My own summer reading list is in many ways a …
Ms. Marvel #1 is a delightful smorgasbord of superhero action, sweet romance, bright art, and has a strong, yet fantastical connection to real world issues. G. Willow Wilson, Takeshi Miyazwa, and Adrian Alphona craft a first issue that is both exciting and heart wrenching as Kamala Khan starts to take steps into being a more responsible and mature superhero and human being in both her actions and interpersonal relationships.
All throughout the issue, readers are granted a great example of colors from Richard Isanove, and how they blend to make each character look distinct. Every member of the Team has colors that render them dynamic and lets them exude a personality all on their own. If this issue is anything to go by, the Uncanny Avengers will be in good hands under Gerry Duggan’s dialogue, character portrayals as well Ryan Stegman and the rest of the art team making the Unity Squad a team to look out for.
Civil War was a massive Marvel crossover event running from 2006 to 2007 and tied into virtually every Marvel comic including cosmic ones, like Nova, and quirky teen ones, like Runaways. The comic begins with the New Warriors (a team of perpetually C-Listers) fighting a group of supervillains to garner better ratings for their reality TV show, which leads to the villain Nitro blowing up a school in Stamford, Connecticut leading to many civilian casualties. This leads to Tony Stark, Reed Richards, the Avengers, and SHIELD supporting the Superhuman Registration Act, which bans secret identities, implements mandatory training for young heroes, and makes superheroes agents of SHIELD. This is opposed by Captain America, who doesn’t want to hunt down his fellow heroes, and the conflict begins as all the heroes of the Marvel Universe must either choose the Pro-Reg or Anti-Reg side.
Avengers #55 marks the first real appearance of Avengers arch-villain, but the Avengers lineup he faces is quite odd. It’s a truly kooky quartet of the recently introduced Black Panther, Hawkeye, Wasp, and Goliath, which is one of Hank Pym’s dozen or so codenames. They open the issue as prisoners of a new, mostly filled with second stringers Masters of Evil, including “sultan of sound” Klaw, Radioactive Man, Whirlwind, and the “mysterious” Melter. Their strings are being pulled by the Crimson Cowl, a truly mysterious figure, who was revealed to be the Avengers’ butler Edwin Jarvis. However, writer Roy Thomas subverts the overused “the butler did it” cliche and throws in an even crazier plot twist that the robot Ultron-5 is behind the Avengers’ capture and infiltration of their HQ.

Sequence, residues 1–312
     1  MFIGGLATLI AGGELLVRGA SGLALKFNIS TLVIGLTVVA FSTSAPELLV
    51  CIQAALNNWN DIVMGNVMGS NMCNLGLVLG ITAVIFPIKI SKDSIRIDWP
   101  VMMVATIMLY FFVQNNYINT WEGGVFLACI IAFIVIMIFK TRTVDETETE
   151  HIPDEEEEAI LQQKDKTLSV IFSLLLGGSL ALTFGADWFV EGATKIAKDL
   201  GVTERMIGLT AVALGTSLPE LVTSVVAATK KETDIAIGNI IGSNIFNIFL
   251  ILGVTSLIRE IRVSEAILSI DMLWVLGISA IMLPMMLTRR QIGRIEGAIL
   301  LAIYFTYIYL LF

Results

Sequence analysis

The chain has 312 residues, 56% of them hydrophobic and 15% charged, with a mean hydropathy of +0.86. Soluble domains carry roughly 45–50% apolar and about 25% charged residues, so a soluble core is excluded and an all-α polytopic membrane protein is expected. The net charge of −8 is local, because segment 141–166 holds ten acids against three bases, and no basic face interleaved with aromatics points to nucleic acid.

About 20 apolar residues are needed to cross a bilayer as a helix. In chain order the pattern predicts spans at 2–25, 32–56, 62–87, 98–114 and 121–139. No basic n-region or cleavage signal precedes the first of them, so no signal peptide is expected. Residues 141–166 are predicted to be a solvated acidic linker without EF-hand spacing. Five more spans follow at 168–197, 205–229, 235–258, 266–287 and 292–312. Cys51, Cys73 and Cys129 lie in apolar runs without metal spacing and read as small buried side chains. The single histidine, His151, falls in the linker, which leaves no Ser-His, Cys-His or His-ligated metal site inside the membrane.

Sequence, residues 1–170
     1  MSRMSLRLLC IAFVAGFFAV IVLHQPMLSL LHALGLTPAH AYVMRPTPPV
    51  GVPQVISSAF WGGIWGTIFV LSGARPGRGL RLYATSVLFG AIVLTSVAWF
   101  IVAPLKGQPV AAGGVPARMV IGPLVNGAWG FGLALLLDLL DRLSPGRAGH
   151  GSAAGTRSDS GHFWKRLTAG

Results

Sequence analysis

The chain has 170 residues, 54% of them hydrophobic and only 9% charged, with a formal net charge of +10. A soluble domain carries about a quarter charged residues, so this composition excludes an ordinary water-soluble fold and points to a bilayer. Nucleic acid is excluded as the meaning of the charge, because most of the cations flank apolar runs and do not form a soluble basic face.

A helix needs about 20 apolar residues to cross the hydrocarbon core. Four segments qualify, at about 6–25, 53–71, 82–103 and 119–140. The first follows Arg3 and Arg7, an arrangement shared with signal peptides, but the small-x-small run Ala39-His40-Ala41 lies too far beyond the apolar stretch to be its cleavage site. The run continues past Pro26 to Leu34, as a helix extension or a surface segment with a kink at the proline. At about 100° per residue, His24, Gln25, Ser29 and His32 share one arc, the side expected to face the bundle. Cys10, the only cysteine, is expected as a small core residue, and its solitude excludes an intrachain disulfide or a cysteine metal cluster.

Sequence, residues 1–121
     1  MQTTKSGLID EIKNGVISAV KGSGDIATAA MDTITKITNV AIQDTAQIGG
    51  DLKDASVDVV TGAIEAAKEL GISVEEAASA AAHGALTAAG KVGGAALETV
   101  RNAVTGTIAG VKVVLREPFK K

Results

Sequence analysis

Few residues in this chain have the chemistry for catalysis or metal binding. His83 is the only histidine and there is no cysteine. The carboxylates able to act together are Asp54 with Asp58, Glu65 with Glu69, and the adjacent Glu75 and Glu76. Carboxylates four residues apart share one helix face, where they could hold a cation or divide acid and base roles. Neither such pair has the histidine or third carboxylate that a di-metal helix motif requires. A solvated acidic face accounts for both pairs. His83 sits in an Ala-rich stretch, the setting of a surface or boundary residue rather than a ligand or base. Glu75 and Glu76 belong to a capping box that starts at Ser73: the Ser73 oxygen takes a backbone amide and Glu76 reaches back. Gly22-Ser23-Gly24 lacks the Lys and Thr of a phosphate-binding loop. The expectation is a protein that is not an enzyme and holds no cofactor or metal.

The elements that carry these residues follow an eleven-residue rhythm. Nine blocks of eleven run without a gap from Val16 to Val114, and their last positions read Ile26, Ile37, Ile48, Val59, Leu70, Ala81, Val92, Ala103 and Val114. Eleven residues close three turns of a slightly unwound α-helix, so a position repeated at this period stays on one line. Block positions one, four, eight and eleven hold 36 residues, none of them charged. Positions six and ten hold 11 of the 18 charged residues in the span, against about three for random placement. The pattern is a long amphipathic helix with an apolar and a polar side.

For the most part, Hickman and Ribic keep Secret Wars #1 from being too bloated with timely reaction close-ups of characters, and little jokes or insights into them, like Thanos being disgusted with humanity’s fear of death or the aforementioned Rocket joke. Esad Ribic’s storytelling makes this comic work as a pure work of superhero action with cutting panels for his sharp fight scenes. He also uses well-placed montages as the stakes continue to get higher as the comic progresses. Secret Wars #1 is a true superhero epic with wide-screen action, the occasional character insight, and real consequences even if it may be a little too expansive at times.